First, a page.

) -- Whether or not the
derivatives reform agenda coming out of Washington makes any sense, one thing is clear: The defense is larger, louder and much better capitalized than the offense.
Consumer-advocacy group Public Citizen -- which is distinctly on the offensive line -- says the antireform lobby has "overwhelmingly" usurped the debate.
a study by the group, nearly 1,000 lobbyists have worked to sway legislators since the start of 2009. Those who argue for a laissez-faire approach to derivatives have outweighed the pro-reform set by a ratio of 11 to 1.
"We're completely outnumbered," says Craig Holman, the nonprofit group's sole legislative lobbyist.
For comparison's sake,
alone has 21.
Public Citizen analyzed lobbying data for the nine key bills brought before Congress to create a framework for monitoring the derivatives market, which is still largely unregulated. Of the 982 lobbyists scrambling to catch a lawmaker's ear, 903 of them represented the
financial sector or
large corporations that are also against reform.
Among those lobbying hardest against reform provisions have been the American Bankers Association, the Securities Industry And Financial Markets Association, the Managed Funds Association, the American Council of Life Insurers, Goldman Sachs,
on the financial side, as well as the U.S. Chamber of Commerce and National Association of Manufacturers on the corporate side. The Air Transport Association of America was the only group within the top 10 that supported reform.
Banks that would be most affected by legislative reform -- Goldman,
Bank of America
-- control 97% of the market and belong to the financial trade groups. It's also worth noting that the financial sector is by far the
top contributor to political campaigns, particularly to politicians leading financial committees in the House and Senate.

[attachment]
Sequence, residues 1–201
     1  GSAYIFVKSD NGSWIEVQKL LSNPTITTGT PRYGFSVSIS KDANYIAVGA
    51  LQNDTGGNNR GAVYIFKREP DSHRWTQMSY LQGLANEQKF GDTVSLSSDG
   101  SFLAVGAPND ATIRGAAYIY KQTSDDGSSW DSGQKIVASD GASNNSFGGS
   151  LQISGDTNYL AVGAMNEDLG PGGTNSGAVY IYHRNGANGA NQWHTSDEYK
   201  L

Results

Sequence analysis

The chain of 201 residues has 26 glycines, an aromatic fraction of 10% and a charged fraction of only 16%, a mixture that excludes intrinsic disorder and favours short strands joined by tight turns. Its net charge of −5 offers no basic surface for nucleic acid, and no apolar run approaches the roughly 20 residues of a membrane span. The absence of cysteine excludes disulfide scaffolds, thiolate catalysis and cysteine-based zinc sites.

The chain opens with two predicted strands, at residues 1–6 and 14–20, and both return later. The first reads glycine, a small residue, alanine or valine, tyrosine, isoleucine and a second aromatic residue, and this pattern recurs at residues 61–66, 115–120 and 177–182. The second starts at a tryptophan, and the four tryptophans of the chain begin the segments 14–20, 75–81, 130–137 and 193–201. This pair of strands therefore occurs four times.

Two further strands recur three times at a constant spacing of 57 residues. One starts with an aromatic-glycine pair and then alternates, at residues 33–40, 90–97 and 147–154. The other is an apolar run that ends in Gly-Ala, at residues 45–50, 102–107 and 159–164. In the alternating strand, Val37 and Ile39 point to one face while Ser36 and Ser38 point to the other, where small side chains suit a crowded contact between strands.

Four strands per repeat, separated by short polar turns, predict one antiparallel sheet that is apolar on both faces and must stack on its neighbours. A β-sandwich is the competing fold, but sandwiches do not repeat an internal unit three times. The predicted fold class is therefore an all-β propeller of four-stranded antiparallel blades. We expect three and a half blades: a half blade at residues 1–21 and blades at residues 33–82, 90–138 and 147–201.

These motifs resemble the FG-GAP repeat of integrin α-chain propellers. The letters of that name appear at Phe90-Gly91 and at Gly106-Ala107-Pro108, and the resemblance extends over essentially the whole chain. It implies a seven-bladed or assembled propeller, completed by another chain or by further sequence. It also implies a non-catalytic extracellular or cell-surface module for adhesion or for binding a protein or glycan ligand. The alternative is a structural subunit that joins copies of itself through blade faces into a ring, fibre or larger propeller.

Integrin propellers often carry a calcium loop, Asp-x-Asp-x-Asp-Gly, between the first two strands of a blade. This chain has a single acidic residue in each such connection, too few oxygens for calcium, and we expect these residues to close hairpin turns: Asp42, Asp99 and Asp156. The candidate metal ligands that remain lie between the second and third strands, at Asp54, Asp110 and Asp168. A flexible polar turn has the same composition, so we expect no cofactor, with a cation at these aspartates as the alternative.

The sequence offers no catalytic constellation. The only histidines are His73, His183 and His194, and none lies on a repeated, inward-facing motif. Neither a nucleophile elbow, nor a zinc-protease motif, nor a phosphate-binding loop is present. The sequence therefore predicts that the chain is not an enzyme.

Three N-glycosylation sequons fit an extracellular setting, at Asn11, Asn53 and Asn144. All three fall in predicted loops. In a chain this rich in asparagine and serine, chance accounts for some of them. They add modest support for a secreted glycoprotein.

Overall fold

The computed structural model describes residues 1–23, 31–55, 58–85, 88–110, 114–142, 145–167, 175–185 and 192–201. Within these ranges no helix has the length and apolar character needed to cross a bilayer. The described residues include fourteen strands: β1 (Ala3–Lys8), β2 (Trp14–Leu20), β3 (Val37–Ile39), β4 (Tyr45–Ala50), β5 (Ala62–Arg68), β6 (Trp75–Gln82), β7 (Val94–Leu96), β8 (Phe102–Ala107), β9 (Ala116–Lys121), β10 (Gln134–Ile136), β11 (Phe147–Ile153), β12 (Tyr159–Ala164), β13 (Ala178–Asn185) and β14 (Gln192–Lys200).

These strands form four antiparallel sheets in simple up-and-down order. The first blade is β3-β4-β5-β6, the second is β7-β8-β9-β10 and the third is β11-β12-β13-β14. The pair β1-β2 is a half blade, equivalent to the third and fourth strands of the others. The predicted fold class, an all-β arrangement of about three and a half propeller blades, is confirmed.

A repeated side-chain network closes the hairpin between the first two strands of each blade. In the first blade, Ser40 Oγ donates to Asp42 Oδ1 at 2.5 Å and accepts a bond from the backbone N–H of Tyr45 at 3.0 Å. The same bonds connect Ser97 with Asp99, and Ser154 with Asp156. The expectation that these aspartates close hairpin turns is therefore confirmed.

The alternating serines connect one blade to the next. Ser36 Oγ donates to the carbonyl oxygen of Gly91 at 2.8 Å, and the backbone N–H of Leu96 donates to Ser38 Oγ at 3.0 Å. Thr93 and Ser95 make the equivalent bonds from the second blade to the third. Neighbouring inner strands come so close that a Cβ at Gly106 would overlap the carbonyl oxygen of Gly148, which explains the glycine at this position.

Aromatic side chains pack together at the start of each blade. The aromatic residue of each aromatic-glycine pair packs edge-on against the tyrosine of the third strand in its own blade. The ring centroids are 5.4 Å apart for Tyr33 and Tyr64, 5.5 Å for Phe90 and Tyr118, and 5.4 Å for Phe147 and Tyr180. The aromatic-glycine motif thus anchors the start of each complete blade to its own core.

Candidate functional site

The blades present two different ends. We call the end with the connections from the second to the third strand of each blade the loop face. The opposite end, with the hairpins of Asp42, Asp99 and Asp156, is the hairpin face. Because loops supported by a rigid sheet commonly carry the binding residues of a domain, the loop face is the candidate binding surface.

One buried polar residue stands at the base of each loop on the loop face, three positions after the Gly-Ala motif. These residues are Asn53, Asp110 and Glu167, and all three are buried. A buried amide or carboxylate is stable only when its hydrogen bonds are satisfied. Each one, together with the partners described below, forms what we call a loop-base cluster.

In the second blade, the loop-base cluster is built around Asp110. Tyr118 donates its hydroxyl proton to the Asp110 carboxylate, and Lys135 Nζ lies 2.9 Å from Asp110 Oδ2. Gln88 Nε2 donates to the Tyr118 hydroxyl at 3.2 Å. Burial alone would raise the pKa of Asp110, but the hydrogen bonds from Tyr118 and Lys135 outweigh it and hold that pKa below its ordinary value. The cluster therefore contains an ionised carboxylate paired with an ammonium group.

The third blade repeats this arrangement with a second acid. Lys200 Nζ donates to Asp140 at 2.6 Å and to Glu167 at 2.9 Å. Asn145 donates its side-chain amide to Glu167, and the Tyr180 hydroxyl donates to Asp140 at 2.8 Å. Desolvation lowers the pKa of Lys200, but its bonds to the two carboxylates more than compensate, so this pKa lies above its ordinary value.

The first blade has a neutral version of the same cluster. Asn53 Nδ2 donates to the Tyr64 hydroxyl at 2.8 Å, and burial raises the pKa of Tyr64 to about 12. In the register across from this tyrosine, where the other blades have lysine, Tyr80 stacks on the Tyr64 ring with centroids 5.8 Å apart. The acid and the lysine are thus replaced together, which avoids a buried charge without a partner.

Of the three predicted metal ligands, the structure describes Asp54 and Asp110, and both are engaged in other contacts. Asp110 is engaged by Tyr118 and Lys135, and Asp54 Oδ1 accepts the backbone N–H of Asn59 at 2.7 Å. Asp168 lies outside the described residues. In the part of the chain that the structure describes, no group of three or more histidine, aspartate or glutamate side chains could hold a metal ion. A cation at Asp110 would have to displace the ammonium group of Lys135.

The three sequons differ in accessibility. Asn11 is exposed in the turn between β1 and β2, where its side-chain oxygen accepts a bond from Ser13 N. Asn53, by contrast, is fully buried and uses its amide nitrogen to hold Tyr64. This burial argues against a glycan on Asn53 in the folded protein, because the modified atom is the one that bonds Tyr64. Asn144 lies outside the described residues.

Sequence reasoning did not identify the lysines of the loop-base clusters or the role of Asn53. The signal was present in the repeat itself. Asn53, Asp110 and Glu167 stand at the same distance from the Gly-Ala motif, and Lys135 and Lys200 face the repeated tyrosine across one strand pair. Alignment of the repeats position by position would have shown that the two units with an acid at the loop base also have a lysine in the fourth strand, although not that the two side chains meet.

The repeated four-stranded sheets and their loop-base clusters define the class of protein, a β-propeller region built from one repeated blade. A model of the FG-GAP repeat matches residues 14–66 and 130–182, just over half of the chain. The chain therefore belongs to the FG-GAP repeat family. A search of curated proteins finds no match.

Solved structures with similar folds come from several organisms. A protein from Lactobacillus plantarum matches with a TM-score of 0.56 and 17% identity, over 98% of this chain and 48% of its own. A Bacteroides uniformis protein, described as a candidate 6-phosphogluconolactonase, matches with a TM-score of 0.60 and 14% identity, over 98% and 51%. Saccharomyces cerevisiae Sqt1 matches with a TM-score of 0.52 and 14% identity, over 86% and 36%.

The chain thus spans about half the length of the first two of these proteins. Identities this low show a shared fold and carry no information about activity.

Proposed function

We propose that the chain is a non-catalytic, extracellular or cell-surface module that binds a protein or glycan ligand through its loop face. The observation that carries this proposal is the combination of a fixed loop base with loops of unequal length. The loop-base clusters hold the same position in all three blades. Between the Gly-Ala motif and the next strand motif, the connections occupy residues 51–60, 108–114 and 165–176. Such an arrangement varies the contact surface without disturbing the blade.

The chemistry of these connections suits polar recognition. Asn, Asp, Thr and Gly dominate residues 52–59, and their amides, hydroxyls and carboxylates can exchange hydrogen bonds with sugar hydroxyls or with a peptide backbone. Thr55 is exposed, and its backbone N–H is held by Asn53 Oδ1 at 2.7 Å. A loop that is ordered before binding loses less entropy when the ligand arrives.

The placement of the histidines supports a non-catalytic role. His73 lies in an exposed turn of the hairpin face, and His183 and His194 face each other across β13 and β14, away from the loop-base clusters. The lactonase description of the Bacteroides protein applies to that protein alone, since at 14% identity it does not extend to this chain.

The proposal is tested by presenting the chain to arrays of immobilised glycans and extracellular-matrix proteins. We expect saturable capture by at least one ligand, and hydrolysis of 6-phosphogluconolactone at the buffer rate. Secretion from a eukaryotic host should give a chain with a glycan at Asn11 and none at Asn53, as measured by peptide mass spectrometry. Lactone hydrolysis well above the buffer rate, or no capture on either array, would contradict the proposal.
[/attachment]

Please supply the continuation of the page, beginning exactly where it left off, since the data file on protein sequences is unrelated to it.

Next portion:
Taylor Lincoln, who led the research effort for Public Citizen, adds that the study's distorted lobbying ratio doesn't reflect widespread opposition to the bill. Rather, he says, it reflects the way Washington and corporate America coincide.
"It is not a populist sentiment rising," says Lincoln. "They have a lot of money and a lot of lobbyists."
On Wednesday, Congress' long-running debate on derivatives regulation
took its latest turn when Sen. Chris Dodd (D., Conn.) backed away from a proposal to water down an amendment by Sen. Blanche Lincoln (D., Ark.). Lincoln sponsored an amendment that would force banks to spin off their derivatives businesses entirely. Banks vehemently opposed the idea, and Dodd had suggested giving firms a two-year window to do so.
But after regulators, banks and lawmakers from both sides of the aisle slammed his proposal for days on end, Dodd dropped the idea and went back to the previous amendment-laden draft, hoping to get a resolution by the end of the day.
The hasty political shift -- which happened over the course of a few hours -- showed how much of a wild card the financial-regulatory reform proposal has become. In this case, it seems, the pro-reform lobbyists won, though that hasn't been the case across the board.
Another amendment from Sen. Ben Nelson (D., Neb.) is less geared toward populist sentiment, but equally poised for passage. Nelson has made the derivatives reform bill only pertain to future contracts -- not the hundreds of trillions of dollars' worth of notional exposure that banks already have on their books. Nelson represents the home state of
Warren Buffett, whose
conglomerate has a large derivatives book. Unsurprisingly, Buffett voiced support for the idea of exempting legacy contracts right around the time that Nelson proposed the amendment.
In any case, the fight isn't nearly over. The proposal must still go into conference to be melded with a House measure that passed last year. Public Citizen and its cohorts are concerned that money and power, rather than public interest, will have an undue influence over the way legislation is shaped. Their counterparts worry that populist rhetoric will overrun the debate, and result in measures that are arbitrary, costly and hurtful to their lines of business.
"There's not a large reserve of money to do bidding for the general public," says Lincoln, the Public Citizen researcher. "And so, for all of these issues, going back across the decades, this is how it works. Health care, energy, financial reform, whatever. Whatever the issue of the day is."
Counters Luke Zubrod, a consultant at Chatham Financial, who works with roughly 1,000 derivative end users. The end users he works with run "across the spectrum: Anyone from pro-football teams and trade associations that represent the elderly to REITs -- real estate investment trusts -- to large and small corporations and financial services clients. The vast majority thinks this is bad for banks, bad for end users, and bad for America. But for fear of being caught in the toxic current of politics, none